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Travel tips

A look at time zones around the world

Jun 24, 2015 by Jamie Gallerani

There are a few things that dictate daily rituals around the globe: habit, cultural tradition, and the prime meridian. The prime meridian passes through the Royal Observatory in Greenwich, England, and this line of zero longitude also sets Coordinated Universal Time, or UTC. UTC is the time standard that the rest of the world uses to set their clocks, and during the summer months, Boston uses Eastern Daylight Time (EDT), which is UTC minus 4 hours.

Since every clock adheres to UTC’s time standard, various hours are set in the world’s 24 different time zones. That means that a 4pm baseball game in Boston occurs at the same time as a 9pm bedtime somewhere in Europe. To get an idea of what this looks like, here’s what four global moments mean in three different time zones around the world.

Time zones around the world

4am EDT in Boston, MA = 10am Central European Summer Time (CEST) in Dubrovnik, Croatia

The 4am hour guarantees that most Bostonians are still snoozing. However, as East Coasters are catching their Z’s, Croats are snacking on their daily 10am gablec, which translates to “breakfast eaten with cutlery.” In coastal Croatian cities such as Dubrovnik, this light meal is known as marenda, and it usually consists of sliced cheeses, prosciutto or home-style food such as goulash. It’s not quite considered breakfast, but it’s usually eaten between 9 and 11am, and it holds Croats over until the late afternoon ručak, or lunch—their main meal of the day.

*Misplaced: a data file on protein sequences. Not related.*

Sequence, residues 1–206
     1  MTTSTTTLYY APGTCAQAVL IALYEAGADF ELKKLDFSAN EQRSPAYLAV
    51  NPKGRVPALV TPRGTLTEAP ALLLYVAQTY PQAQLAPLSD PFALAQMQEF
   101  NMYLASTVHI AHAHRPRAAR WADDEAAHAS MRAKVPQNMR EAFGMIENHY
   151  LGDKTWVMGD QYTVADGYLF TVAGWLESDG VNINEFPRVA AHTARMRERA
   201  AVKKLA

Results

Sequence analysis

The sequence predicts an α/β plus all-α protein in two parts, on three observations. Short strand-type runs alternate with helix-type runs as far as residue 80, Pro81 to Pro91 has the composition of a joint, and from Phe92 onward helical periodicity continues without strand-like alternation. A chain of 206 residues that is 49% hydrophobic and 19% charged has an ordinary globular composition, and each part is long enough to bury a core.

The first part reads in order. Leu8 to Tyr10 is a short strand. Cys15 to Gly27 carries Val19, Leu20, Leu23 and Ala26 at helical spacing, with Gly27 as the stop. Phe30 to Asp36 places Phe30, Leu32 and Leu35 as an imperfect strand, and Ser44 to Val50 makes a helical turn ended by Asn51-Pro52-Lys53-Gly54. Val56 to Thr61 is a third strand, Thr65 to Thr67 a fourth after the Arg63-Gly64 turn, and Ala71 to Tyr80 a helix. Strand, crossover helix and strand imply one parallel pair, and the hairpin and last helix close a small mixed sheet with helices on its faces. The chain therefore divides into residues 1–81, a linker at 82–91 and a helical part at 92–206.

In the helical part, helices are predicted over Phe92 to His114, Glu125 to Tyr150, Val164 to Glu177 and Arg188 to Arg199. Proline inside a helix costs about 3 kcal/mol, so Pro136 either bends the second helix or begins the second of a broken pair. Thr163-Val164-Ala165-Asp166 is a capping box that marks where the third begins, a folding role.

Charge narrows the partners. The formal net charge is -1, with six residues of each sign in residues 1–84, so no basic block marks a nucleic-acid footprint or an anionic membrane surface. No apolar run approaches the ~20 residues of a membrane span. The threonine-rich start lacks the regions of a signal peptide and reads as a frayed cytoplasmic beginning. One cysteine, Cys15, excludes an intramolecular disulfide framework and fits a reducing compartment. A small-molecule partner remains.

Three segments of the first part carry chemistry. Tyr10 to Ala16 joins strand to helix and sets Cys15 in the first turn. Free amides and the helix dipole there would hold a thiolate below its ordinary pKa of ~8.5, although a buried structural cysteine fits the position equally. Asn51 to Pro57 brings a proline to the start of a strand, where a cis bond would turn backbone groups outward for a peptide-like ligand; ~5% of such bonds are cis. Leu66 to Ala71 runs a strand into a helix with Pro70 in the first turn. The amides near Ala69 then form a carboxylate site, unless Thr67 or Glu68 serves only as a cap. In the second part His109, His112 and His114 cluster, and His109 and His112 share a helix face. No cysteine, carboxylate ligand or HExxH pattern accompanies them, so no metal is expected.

Time zones around the world

8 am EDT in Boston, MA = 2 pm Central European Summer Time (CEST) in Madrid, Spain

Just as the clock strikes eight, many Eastern Daylight Timers are waking up and preparing to start their day. While in Spain, locals are getting ready to take their famous siesta. This daily rest starts around 2 pm and lasts until around 4 pm, giving people a much-needed reprieve after busy mornings and granting them a break from the midday heat. This pause in the day allows workers to shut down their shops and take a nap, or go home and visit with their families.

Time zones around the world

4 pm EDT in Boston, MA = 9 pm Western European Summer Time (WEST) in Lisbon, Portugal

Usually, 4 pm signals the weekday winding down in Boston; the school day has ended, and workers prepare to finish up their tasks and head home. However, 4 pm in Boston means things are gearing up in Lisbon, Portugal, where it’s 9 pm. Whereas it’s common for Bostonians to eat dinner between 5 and 7 pm, locals in major cities like Lisbon don’t even think about dinner until around 9 pm—go out to eat any earlier and you’ll be giving yourself away as a tourist. When it comes to after-dinner activities, Lisboetas wait until around midnight to head out to bars.


5 pm EDT in Boston, MA = 6 pm Chile Standard Time (CLT) in Santiago, Chile

5 pm marks an early dinner hour in Boston, when many people are just starting to prepare their evening meal. However, 5 pm EDT translates to 6 pm in Santiago, when many Chileans partake in the well-established tradition of onces a daily afternoon tea ritual. This traditional meal can be as simple as tea with rolls and jam, or can include heavier bites such as sandwiches, avocado, sugary cakes and even ice cream. It holds Chileans over until dinner, which is usually served very late, and allows families to take a break and come together to share stories and enjoy each other’s company.

Have you ever participated in these local customs or traditions while traveling? Tell us on Facebook!

About the author | Jamie Gallerani
It was Jamie’s homestay in Germany that made her fall in love with travel (and her studies in Florence that really sealed the deal). When she’s not writing and sharing the magic of seeing the world with others, she’s usually on the lookout for her new favorite memoir, testing out recipes at home, or visiting her family on Cape Cod.

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